Earlier today, the State Department announced that Special Representative for Iran Brian Hook will be delivering remarks tomorrow on the “malign activities” of the current Iranian government. According to the press release, he’ll deliver his speech in front of a display of “Iranian materiel” at Anacostia-Bolling Air Force Base in Washington, D.C. The press release notes that the display of Iranian materiel includes “clear and tangible evidence that the Iranian regime is arming dangerous groups with advanced weapons, and spreading instability and conflict in the region, which poses a threat to international peace and security.”
The subject of the speech is not surprising, of course, in light of the Trump administration’s very public and aggressive approach towards Iran, including its re-imposition of unilateral economic sanctions earlier this month. But the use of the phrase “threat to international peace and security” is quite deliberate and should be monitored carefully. Hook’s speech tomorrow follows on remarks he made at the Hudson Institute in September, when he characterized missiles, fired into Saudi Arabia by the Iran-aligned Houthi rebels in Yemen, as a “threat to international peace and security.”
Why do these words matter? Under the United Nations Charter, the U.N. Security Council is charged with determining the existence of any threat to international peace and security, and it can decide to impose measures under Chapter VII of the U.N. Charter (including economic sanctions and the use of military force) to “maintain or restore international peace and security.” The U.N. Security Council sanctions on Iran that led to the Joint Comprehensive Plan of Action, more commonly known as the Iran nuclear deal, were predicated on the Security Council’s finding that the proliferation risks presented by Iran’s nuclear program represented a threat to international peace and security. The words in the State Department’s press release today fall short of a statement that the Iranian regime itself poses a threat to international peace and security. However, they are part of a clear push by the United States to convince the international community that the “threat to international peace and security” posed by Iran goes well beyond Iran’s nuclear program and merits additional collective action.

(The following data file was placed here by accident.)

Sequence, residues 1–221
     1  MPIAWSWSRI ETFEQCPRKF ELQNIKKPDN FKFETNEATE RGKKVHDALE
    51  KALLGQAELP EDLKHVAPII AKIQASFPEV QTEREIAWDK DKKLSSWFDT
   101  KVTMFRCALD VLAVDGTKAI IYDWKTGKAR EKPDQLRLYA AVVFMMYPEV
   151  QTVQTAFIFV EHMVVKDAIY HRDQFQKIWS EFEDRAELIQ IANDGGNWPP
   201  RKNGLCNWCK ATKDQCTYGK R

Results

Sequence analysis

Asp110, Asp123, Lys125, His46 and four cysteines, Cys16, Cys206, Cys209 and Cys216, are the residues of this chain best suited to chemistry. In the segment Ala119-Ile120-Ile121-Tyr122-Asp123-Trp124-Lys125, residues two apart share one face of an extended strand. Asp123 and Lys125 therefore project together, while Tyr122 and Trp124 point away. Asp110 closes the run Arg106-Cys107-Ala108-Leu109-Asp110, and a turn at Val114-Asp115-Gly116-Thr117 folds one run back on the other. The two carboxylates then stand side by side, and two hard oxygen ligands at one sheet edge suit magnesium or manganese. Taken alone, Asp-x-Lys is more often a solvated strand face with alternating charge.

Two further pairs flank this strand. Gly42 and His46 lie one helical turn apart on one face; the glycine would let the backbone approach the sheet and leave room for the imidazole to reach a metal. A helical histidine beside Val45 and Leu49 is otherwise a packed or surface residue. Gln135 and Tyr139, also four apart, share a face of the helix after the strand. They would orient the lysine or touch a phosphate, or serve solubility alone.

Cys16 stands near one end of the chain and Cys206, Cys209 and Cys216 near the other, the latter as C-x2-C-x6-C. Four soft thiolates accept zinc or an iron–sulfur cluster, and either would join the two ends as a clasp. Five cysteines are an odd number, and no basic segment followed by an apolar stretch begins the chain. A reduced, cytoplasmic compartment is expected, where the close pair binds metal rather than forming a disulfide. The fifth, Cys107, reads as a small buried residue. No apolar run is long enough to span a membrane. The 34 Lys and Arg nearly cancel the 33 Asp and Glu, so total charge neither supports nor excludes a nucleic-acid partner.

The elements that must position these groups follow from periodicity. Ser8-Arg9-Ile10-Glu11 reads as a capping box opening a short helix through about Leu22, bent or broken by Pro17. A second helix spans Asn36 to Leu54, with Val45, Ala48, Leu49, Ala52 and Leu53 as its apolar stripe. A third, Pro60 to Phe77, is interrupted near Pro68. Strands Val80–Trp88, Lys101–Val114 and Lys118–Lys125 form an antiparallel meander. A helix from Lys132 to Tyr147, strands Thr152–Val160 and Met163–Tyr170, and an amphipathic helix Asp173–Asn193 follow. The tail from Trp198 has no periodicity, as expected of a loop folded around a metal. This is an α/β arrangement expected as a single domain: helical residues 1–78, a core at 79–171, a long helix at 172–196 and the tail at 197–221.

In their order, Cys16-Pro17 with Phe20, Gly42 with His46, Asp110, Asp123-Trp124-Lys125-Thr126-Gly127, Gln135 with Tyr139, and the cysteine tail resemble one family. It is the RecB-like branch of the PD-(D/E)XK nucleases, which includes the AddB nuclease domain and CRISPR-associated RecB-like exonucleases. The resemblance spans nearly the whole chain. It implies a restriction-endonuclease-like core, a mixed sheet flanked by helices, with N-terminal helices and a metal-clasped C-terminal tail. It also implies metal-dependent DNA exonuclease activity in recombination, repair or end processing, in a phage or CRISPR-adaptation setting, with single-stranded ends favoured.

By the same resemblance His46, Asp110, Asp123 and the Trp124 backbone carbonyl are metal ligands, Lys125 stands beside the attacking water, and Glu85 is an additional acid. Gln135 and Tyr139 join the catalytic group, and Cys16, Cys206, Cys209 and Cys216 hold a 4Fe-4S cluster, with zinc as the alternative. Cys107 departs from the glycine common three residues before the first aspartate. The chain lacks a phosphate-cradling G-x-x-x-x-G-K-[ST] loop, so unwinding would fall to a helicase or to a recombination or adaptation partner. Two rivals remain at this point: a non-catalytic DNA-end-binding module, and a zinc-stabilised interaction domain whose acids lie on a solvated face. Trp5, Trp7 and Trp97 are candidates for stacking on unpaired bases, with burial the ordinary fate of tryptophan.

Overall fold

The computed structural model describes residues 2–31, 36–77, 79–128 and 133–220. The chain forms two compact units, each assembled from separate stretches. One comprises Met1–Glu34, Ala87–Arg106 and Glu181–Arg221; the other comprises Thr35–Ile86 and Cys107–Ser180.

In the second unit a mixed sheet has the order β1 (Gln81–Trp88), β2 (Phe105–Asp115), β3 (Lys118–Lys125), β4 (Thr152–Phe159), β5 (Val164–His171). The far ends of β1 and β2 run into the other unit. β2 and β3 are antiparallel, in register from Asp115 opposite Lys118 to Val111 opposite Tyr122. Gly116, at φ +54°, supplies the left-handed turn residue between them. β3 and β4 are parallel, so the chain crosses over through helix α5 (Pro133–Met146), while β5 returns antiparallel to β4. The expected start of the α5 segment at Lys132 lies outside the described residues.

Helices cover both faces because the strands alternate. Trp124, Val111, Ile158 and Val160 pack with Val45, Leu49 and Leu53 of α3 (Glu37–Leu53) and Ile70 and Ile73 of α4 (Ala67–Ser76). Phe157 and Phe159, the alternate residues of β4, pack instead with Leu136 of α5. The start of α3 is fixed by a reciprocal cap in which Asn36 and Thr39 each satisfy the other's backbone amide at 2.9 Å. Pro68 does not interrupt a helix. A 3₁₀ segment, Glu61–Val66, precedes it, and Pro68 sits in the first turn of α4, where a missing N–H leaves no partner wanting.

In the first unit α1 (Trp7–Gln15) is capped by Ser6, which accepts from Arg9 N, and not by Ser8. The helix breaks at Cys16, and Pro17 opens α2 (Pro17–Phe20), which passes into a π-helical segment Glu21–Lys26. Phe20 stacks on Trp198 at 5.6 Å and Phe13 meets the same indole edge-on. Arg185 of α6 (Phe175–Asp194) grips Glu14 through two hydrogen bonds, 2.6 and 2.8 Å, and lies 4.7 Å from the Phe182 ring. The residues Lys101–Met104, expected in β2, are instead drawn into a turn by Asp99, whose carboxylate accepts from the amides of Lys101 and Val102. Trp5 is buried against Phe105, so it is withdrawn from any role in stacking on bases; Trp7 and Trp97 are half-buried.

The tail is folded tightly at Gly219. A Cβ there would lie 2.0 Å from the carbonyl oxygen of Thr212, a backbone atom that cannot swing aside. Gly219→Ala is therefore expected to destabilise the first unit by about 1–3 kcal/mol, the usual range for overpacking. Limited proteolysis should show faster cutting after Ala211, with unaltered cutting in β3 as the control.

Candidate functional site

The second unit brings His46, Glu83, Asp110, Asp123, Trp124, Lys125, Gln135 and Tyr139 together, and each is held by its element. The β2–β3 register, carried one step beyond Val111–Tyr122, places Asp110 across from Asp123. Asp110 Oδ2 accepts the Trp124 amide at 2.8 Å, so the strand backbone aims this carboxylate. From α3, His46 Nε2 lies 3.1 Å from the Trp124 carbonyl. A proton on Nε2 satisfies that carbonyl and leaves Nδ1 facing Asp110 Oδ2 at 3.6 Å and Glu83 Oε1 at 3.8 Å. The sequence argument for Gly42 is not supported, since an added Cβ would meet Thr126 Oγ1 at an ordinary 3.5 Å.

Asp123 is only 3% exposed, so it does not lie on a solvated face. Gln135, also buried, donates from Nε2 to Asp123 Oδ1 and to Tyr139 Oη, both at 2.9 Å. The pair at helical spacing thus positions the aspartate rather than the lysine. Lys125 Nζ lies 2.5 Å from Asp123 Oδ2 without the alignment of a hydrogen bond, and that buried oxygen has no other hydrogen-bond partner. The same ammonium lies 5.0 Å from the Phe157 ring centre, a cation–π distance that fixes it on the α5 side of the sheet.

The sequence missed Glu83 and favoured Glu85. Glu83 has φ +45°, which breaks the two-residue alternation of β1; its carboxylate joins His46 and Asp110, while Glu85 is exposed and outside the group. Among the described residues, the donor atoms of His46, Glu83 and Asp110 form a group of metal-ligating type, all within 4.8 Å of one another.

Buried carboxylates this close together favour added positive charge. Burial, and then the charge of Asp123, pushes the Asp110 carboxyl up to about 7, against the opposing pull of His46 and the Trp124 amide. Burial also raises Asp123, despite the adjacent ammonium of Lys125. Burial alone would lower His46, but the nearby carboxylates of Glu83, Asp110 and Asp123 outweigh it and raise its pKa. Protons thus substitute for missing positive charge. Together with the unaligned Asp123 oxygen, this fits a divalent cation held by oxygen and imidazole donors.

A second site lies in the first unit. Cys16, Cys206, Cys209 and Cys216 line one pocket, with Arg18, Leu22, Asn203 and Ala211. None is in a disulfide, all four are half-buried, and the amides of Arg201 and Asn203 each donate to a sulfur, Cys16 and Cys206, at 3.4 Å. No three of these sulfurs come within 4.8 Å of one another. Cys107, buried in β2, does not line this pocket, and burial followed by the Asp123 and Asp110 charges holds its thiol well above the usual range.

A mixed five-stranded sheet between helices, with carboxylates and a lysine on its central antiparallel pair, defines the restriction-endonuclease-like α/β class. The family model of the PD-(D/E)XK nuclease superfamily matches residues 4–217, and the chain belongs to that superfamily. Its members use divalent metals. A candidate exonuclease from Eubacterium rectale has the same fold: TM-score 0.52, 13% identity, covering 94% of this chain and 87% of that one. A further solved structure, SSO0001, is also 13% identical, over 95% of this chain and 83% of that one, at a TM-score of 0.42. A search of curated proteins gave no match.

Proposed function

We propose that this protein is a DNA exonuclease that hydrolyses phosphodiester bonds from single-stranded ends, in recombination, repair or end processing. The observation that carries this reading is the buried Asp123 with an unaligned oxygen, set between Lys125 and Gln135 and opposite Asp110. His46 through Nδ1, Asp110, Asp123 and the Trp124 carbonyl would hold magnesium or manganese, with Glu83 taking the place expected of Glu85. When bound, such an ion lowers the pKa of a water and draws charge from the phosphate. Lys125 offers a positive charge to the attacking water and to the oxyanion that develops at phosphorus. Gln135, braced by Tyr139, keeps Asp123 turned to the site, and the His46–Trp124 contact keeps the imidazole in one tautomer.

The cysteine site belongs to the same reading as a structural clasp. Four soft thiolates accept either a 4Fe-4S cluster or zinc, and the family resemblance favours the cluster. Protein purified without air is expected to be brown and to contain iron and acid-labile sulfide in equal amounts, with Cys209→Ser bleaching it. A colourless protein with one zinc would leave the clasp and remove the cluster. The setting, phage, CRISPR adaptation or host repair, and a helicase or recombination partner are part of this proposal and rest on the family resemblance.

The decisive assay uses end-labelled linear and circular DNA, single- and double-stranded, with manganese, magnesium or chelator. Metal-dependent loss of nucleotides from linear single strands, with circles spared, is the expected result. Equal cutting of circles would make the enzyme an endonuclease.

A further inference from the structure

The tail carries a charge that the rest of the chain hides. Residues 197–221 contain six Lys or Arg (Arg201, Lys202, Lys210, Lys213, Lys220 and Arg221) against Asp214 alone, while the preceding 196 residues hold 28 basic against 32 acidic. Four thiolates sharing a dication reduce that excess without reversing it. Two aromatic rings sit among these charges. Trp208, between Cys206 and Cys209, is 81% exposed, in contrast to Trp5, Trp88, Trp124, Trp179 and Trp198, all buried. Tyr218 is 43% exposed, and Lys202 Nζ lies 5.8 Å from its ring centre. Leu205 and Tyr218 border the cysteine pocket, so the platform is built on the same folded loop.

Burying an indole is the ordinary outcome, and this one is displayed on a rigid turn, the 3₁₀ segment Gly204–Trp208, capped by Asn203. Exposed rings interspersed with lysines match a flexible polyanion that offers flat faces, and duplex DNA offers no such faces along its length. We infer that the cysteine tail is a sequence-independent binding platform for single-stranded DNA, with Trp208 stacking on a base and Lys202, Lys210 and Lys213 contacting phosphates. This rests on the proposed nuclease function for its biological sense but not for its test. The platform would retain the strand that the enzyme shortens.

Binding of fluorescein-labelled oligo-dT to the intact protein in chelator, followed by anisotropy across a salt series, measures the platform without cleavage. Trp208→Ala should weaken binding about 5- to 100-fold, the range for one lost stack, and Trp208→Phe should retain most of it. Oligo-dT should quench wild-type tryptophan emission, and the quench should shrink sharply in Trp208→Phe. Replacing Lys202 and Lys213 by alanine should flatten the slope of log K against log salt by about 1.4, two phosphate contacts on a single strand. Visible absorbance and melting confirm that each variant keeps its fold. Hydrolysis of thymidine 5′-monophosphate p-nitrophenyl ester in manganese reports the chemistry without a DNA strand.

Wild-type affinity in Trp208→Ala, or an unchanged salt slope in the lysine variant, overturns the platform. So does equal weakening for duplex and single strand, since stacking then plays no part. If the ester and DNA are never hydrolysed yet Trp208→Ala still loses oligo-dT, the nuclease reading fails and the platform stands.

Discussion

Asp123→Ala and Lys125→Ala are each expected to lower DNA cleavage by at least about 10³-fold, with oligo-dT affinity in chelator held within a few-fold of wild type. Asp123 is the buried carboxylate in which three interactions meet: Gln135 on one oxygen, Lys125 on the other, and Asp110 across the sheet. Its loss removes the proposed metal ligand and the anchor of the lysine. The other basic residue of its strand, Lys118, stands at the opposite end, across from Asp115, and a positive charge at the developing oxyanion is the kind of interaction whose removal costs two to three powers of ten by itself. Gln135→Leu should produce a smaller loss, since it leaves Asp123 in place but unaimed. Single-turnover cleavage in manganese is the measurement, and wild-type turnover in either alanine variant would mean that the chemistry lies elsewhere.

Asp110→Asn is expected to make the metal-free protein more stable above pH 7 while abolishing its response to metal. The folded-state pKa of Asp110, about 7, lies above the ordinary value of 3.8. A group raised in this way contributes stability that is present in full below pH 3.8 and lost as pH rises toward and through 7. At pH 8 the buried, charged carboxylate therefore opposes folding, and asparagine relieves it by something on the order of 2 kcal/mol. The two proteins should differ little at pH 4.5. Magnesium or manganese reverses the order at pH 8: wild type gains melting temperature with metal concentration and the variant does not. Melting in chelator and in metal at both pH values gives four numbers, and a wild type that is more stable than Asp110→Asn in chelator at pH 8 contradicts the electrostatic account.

These are the types of arguments that are made when trying to build support in the Security Council to address a threat. To date, the Trump administration has not built this support. These arguments are also made by states considering unilateral action under the theory and rhetorical (if not legal) justification that the Security Council has failed to address such a threat. So, should we assume that this rhetoric from the Trump administration is a precursor to additional unilateral action by the United States, perhaps even military action, to address what it perceives as an international threat from Iran? Not at this point – but these words do matter, and it is important to follow this rhetoric carefully.
Let’s see what Hook’s speech tomorrow includes.